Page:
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Are Parades, BBQ, And Pesticides On Your Schedule This Weekend?


If you are like many homeowners, your Memorial Day weekend involves parades, BBQ, and lawn care. You might have started your weeding and fertilizing efforts weeks ago, but if not, the three day weekend is a good opportunity to get the lawn in shape through hard work and chemicals. Unfortunately, this springtime ritual of using pesticides has many downsides. 

Problems With Pesticides 

Your lawn cannot absorb all the chemical input, so 40 to 60% of the nitrogen in the product runs off in surface water or ultimately leaches into the ground. You can do the math, but Americans apply million tons of fertilizer and 70 to 90,000,000 tons of pesticides to their lawns each year, which means widespread exposure to chemicals. 

While some people are very sensitive to these chemicals and develop allergic reactions to them, most of us absorb the chemicals into our body with uncertain effects. Studies done by BeyondPesticides.org have shown high rates of asthma, bronchitis, and other respiratory problems among farmers use large quantities of pesticides, households who frequently use insecticides, and among children exposed to herbicides before their first birthday. 

There is growing evidence that pesticides are harmful to wildlife. Honeybees are dying off while 60 to 70,000,000 birds in the U.S. die each year from pesticide poisoning. What makes the problem even worse is that besides the run off into land and water, pesticides are over applied, applied to adjacent areas where pesticides are not needed, can impact people, wildlife, and air quality far from the source. 

Few Pesticide Bans In Place, So Take Care 

While some pesticides have been banned in the United States by the EPA, there are plenty of toxic chemicals that are still available for lawn care. This is in strict contrast to Canada where certain provinces have banned pesticides used for lawns and ornamental garden. A few cities in the US have taken up the gauntlet to follow suit, but lawn care chemical bans are not widespread.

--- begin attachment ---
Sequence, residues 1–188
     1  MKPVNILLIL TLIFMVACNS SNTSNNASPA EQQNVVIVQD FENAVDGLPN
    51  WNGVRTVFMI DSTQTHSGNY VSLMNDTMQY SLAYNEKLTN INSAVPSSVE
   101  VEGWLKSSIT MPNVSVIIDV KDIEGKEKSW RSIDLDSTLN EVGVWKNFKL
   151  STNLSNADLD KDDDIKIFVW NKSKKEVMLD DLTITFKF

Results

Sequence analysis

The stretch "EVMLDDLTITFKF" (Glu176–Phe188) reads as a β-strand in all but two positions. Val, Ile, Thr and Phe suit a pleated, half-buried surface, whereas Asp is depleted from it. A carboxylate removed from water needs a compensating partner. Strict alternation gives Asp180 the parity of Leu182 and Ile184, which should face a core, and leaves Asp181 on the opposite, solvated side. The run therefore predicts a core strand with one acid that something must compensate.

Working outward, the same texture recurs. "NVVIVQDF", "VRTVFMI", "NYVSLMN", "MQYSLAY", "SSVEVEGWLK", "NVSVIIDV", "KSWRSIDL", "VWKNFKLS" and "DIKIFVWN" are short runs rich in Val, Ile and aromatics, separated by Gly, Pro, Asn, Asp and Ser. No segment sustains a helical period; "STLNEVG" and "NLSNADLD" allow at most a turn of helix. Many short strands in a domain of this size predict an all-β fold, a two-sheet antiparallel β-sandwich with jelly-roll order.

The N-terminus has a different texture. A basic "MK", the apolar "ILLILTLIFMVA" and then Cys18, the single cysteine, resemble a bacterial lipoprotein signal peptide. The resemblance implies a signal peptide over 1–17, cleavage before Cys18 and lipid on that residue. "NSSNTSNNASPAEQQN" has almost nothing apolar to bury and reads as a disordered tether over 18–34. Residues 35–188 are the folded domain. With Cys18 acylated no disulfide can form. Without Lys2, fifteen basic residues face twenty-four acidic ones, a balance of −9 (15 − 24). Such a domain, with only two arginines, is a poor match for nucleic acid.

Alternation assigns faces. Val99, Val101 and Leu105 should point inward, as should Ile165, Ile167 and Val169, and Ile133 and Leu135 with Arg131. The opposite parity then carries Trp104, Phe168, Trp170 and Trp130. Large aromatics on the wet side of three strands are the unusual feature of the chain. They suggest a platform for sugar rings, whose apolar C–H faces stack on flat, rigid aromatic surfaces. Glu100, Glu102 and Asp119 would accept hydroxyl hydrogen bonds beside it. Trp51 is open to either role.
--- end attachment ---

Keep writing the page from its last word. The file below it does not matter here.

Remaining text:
As this time, Louisville has no ban, although the government has materials on the website to educate consumers about pesticide risks and offer suggestions for "greener" lawn care. 

Give the risk that pesticides pose, to the environment, to wildlife and potentially to people, it makes good sense to think about alternatives to pesticides that you use and to exercise great care when around pesticides. 

  • Consider organic alternatives to pesticides. Natural products such as soaps, corn gluten, and vinegar can kill pesticide weeds. The Jefferson County extension can offer you suggestions about what can handle one problems that you have. 
  • When you apply pesticides, dress properly in protective clothing such as gloves, long pants and a mask. When you come indoors afterwards, leave your shoes at the door and separately wash your clothes as soon as you can. 
  • Just apply pesticides to affected areas instead of to your whole lawn as a "prophylactic measure." This action will limit the amount of pesticides to impact the soil air and water. 
  • Keep kids and pets off the lawn for at least as long as the pesticide manufacturer suggests. 
  • Do what you can to keep your lawn healthy so there is less need for pesticides. Test your soil pH to determine the best fertilizers to use. When you buy them, look for time released or  natural organic products that will be gradually absorbed into your lawn.

 Go Organic And Take Action 

If you have concerns about the impact of pesticides, contact the city to make your voice known. Considering that Louisville is concerned about air pollution, fitness and exercise, and eating healthier local food, it might be time to take the next step and regulate pesticides in use in the city. 

Just call me Jessica Gaines Jarboe at Louisville Gaines Real Estate today to discuss buying or selling a home in Louisville. 

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